Till Death Do Us Apart: Review of Euthanauts #1

Written by Tini Howard
Art by Nick Robles

Death has always been a mystery to us. Religions, scientists, and everyday folks have their explanations of what happens after we die. Tini Howard and Nick Robles offer their explanation in IDW’s Euthanauts #1.

Thalia Rosewood works at a funeral home and is obsessed with death. When she meets cancer-ridden Mercy Wolfe, she gets her chance of exploring the frontier of death.

The Art of Death

The art of this comic represents death as a space dream world, waiting to be explored. Nick Robles’ art helps shape this world with his choice of colors and character designs. His expressive art helps show the different emotions towards death. The opening pages show a celebration of death, while the next few showcase a sobering obsession of it through Rosewood.

What is Death?

This comic might have some readers questioning their understanding of death. It might also add another dimension to their developing curiosity about it. As a Hindu and growing up in a majority Christian environment, I had a few interpretations of death. I viewed death as a phase lasting only seconds between life and rebirth. I also thought of it as the end of everything and life on Earth as death. Euthanauts adds a completely new aspect of my comprehension of death. Could death be a whole new frontier full of mysteries and wonders? Could there be some form of a life for us in or after death?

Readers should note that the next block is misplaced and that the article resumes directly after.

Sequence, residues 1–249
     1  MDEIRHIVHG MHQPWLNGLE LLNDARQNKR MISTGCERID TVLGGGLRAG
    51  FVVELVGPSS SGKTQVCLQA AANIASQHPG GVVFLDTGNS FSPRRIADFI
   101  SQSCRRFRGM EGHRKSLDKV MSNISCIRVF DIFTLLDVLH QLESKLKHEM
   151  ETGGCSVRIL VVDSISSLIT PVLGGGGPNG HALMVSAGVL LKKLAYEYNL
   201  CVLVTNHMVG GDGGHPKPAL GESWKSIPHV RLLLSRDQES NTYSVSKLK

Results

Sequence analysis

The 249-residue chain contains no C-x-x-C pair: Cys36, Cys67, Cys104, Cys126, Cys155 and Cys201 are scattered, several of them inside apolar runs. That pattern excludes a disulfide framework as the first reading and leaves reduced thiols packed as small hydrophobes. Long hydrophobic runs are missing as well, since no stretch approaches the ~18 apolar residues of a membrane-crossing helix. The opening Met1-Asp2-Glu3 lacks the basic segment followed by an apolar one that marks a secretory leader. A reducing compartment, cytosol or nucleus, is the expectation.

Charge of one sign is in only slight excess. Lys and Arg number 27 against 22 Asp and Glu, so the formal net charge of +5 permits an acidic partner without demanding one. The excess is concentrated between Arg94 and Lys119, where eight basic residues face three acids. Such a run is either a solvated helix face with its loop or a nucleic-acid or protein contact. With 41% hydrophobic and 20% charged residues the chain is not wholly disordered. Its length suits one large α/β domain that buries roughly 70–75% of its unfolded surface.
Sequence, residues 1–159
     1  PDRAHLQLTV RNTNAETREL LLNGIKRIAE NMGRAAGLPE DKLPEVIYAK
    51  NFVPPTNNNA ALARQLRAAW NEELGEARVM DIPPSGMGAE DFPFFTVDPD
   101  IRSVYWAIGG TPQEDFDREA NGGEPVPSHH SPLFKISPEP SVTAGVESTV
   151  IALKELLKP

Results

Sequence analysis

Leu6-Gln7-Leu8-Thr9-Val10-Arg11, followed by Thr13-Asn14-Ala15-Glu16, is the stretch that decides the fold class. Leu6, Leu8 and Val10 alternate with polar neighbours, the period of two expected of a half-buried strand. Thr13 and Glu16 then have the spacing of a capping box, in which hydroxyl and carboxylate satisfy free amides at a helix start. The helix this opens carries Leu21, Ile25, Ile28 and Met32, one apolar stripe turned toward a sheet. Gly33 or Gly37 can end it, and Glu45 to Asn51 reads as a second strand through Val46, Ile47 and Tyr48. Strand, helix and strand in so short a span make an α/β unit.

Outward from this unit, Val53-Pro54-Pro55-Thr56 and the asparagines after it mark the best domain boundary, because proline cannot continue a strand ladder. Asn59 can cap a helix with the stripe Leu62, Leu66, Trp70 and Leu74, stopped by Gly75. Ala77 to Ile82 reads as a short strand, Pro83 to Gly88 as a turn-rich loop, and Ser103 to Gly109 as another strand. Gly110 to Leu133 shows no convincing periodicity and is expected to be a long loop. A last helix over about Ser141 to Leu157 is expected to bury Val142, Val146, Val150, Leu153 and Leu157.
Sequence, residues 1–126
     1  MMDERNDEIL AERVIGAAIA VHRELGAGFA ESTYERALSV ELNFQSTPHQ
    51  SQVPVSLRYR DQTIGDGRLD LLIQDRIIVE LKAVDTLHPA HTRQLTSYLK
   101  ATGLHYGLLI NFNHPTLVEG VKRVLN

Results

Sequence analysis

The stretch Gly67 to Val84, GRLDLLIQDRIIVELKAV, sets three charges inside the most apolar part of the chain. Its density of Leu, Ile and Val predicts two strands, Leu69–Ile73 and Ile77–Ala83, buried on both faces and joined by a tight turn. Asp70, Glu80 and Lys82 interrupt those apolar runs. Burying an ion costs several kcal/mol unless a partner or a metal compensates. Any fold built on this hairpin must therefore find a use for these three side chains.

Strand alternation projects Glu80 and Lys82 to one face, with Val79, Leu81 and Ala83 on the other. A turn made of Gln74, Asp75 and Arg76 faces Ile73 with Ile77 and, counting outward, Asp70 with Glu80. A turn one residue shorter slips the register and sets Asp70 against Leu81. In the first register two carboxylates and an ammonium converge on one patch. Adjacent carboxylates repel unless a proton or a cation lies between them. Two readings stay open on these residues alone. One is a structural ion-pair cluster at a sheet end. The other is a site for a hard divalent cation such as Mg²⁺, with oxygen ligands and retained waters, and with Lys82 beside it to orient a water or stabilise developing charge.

Written by Death

Tini Howard does excellent work in fleshing out the characters and introducing the world of the Euthanauts to readers. Howard presents Mercy Wolfe as a strong-willed adventurer who refuses to let death and cancer define her. She wants to conquer death by living in and exploring it. Readers are Thalia Rosewood. Rosewood is curious about death and so are we. Both of us want to see what awaits in the unknown world of death. The world of Euthanauts has some elements that readers will be familiar with, such as dream, space, and the uncertainty of death. Howard uses all these familiar concepts to create a unique understanding of death as we know it.

One area that Howard might have provided more with are the supporting characters. The characters give us an understanding of who Rosewood and Euthanauts are. Yet they could have a played bit more of a role as individuals themselves. Yet, this small point doesn’t diminish the quality of the comic.

Tini Howard and Nick Robles give us an amazing world that is waiting for us to explore. From beautiful artwork, engaging writing to questioning death, Euthanauts is a must read.


If you liked this review, and would like to support us so that we can keep doing what we do, please consider supporting us on Patreon.